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2014: Year of industrial actions

Last year was indeed a strike-filled one which not only  affected the growth of Nigeria but kept stakeholders wondering if there was no other veritable…

Last year was indeed a strike-filled one which not only  affected the growth of Nigeria but kept stakeholders wondering if there was no other veritable weapon or strategy that could be deployed by both employer and employee to resolve industrial disputes.
First to open the floodgate of strikes in the year was the senior staff union of colleges of education, which on January embarked on a seven-day job boycott in demand of the implementation of CONTEDISS.
Following on the heels of the colleges of education workers’ industrial action was the strike embarked upon by the National Union of Electricity Employees (NUEE) over the non-payment of severance package for some of its members as well as unfair labour practices meted to its members working for the new owners of the defunct Power Holding  Company of Nigeria(PHCN).  
Unions in the nation’s health sector generously used strikes to attract governments’ attention to the plight of their members nationwide.
The Joint Health Sector Unions (JOHESU) and others’ January strikes for improved welfare  for members led other unions to threaten and embark on warning and full scale strikes throughout the months of last year.
On January 22, members of the Medical and Health Workers Union of Nigeria (MHWUN) went on a three-day warning strike, paralysing all health institutions and health-related institutions, including the National Agency for Food and Drug Administration and Control (NAFDAC), National Drug Law Enforcement Agency (NDLEA), National Institute for Medical Research (NIMR) and others.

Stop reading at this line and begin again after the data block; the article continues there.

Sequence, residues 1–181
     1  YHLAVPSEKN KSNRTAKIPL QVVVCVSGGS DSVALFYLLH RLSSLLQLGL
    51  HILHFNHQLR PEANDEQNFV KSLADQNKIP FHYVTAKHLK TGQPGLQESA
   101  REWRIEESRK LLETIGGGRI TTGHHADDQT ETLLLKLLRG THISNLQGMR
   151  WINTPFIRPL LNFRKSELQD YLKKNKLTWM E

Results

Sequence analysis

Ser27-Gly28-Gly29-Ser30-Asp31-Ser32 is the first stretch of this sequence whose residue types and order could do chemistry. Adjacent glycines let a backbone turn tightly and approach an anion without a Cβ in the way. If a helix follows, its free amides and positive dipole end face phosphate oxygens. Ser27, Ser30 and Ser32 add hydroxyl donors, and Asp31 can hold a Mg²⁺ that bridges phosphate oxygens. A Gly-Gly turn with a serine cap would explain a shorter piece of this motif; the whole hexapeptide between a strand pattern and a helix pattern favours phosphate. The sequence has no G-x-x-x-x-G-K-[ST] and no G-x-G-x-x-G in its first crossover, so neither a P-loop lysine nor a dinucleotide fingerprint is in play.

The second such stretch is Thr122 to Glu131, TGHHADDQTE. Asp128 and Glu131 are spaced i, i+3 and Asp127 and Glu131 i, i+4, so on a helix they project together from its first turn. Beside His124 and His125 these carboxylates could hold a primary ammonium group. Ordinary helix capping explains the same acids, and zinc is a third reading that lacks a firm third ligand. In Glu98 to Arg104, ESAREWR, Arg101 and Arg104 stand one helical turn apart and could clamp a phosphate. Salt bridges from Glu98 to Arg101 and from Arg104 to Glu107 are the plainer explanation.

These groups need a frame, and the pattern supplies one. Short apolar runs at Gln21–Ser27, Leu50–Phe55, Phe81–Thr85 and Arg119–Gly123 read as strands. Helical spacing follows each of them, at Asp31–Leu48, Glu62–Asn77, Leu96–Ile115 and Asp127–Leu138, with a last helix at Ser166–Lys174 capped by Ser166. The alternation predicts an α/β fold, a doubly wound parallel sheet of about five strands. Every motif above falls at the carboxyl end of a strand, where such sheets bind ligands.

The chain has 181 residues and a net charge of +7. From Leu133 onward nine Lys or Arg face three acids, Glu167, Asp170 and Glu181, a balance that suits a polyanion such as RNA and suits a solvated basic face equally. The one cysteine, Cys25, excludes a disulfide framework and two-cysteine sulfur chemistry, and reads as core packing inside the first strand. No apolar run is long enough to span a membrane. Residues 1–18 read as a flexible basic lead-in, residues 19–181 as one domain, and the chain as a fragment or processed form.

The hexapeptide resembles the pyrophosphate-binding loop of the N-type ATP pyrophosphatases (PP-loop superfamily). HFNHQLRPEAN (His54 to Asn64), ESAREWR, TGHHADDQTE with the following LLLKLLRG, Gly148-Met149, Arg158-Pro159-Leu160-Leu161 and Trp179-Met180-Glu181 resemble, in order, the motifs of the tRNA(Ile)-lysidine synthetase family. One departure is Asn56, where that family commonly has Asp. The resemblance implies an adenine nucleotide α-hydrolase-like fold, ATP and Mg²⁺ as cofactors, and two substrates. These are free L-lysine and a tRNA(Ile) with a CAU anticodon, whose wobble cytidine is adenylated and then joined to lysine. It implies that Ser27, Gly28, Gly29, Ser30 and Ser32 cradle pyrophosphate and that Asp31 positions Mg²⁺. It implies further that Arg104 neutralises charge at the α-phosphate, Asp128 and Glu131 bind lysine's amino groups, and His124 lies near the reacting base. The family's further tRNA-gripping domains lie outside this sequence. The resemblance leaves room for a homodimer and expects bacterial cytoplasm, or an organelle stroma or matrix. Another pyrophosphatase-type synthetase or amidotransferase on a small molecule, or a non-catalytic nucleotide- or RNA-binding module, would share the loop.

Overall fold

In one of the strikes, the Nigeria Medical Association in June demanded among other things, for all health workers to attain the highest level of their career (GL 17) without the nomenclature of ‘director’ in the hospital setting as well as the need for hazard allowance of at least N100, 000 per month for medical doctors.
The union suspended the strike in August after 55 days of punishment on Nigerians, to tame the spread of the dreaded Ebola disease in Nigeria.  On November 13th, JOHESU embarked on a fresh strike, demanding parity with doctors in appointments to key positions in the hospitals as well as in bearing the nomenclature of “consultant.”
Also, oil workers on the platform of the Nigeria Union of Petroleum and Natural Gas Workers (NUPENG) threatened and embarked on several strikes over issues which bordered on the welfare of its members nationwide.
In February, NUPENG threatened strike in protest over the spate of divestments by oil majors in Nigeria. Six months later, it gave the federal and state governments as well as multi-national oil companies a 14-day ultimatum to address alleged harsh treatment suffered by its members in Nigeria Agip Oil Company and BK Tubulars (Nigeria) Limited in Port Harcourt.
By August, the union called on some members to proceed on strike also in protest to the dismissal of some of its members by Chevron Nigeria Limited.
A couple of months earlier, precisely by May, the Petroleum and Natural Gas Senior Staff Association of Nigeria (PENGASSAN), threatened to embark on strike over the implementation of the Integrated Personal Payroll System (IPPS) for oil workers in Nigeria. That same month, the Rivers State chapter of the Trade Union Congress (TUC) embarked on a three-day warning strike over an attack on its members.